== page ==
Museum to open new exhibit, but public won’t be able to see it right away
Moses Lake Museum & Art Center coordinator Sierra Uhlinger adds the title of an upcoming exhibit to the museum’s front window Friday. The exhibit opens June 26, but people will be unable to see it until the museum reopens to the public.
Cheryl Schweizer/Columbia Basin Herald
Staff Writer | June 22, 2020 11:50 PM
MOSES LAKE — A new exhibit at the Moses Lake Museum & Art Center technically will open June 26, although the date when people will be able to get into the museum to see it is undetermined.
The main exhibit, “1968: A Folsom Redemption,” details a legendary Johnny Cash concert, and is supplemented by “1968: The Year that Rocked Washington,” highlighting some of the events of that tumultuous year in the state.
Currently the museum is closed to the public, one of the restrictions placed on state residents as part of the effort to combat the COVID-19 virus. The restrictions are being lifted in phases, and the museum will be allowed to reopen its doors during Phase 3. Currently, Grant County is in Phase 2.
Museum manager Dollie Boyd said the exhibit on Johnny Cash’s concert was coming to Moses Lake whether the museum was open or not. The exhibit detailing 1968 in Washington was free, offered by the Washington Secretary of State’s office, Boyd said, and it was a good companion for the Cash exhibit.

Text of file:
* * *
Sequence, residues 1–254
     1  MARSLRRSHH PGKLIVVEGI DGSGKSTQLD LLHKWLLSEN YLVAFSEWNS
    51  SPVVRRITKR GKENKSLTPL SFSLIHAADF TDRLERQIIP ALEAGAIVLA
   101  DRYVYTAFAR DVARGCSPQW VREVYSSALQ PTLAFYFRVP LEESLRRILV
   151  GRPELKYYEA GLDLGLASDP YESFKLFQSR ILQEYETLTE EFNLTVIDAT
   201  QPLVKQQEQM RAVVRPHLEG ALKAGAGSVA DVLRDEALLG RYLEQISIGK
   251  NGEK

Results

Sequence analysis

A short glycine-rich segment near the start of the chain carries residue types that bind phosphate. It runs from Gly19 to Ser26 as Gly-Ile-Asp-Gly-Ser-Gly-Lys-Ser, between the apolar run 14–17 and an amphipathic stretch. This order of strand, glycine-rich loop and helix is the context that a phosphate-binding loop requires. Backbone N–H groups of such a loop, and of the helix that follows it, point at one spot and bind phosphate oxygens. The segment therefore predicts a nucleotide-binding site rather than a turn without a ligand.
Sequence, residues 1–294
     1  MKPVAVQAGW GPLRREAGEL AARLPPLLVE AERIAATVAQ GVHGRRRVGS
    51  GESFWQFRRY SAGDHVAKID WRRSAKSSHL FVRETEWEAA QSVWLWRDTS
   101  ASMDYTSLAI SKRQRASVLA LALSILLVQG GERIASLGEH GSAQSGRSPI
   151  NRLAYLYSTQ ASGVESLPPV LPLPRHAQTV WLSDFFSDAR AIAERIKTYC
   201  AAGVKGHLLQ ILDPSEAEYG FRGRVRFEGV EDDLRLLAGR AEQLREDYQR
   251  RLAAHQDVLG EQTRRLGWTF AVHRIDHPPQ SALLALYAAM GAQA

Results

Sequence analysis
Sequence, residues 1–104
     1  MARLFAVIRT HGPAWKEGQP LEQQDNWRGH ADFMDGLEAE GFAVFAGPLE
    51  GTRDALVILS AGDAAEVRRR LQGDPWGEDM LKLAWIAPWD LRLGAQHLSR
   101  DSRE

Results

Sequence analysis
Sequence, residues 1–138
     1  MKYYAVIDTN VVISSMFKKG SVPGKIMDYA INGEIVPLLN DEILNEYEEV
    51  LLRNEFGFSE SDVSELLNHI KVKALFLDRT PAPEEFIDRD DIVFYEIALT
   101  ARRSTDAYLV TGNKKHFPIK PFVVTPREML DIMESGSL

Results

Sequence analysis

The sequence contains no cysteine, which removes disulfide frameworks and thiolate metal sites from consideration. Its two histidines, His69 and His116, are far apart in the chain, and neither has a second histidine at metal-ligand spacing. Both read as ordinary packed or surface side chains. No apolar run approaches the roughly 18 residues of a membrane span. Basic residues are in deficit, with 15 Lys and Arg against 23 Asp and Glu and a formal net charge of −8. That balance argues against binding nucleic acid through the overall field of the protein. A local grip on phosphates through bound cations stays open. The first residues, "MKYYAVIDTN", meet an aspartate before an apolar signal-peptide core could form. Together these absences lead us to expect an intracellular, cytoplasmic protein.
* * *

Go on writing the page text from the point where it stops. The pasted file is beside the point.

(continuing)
The exhibits will be on display through Aug. 6. Boyd said museum officials hope Grant County will be in Phase 3 in time for people to see it.
In the meantime, Boyd said, museum officials are looking for ways to make the exhibit available to the public. One option under consideration is to post images from the exhibit online, while a video tour of the exhibit is another.
Boyd said museum officials posted pictures from the museum’s previous exhibit online, and received a good response from that.
Cash’s career was in decline in 1968, but the concert at Folsom State Prison in California gave him a new opportunity. He convinced executives at Columbia Records to allow him to record his live performances at the prison in January 1968, and the resulting album reignited his career.
He was accompanied by photographer Dan Poush and writer Gene Beley, among others, and their story of the concert is the basis of the exhibit.
The Washington 1968 exhibit includes artifacts from throughout the state and details some of the immediate and lasting impacts of that year.
Cheryl Schweizer can be reached via email at email@example.com.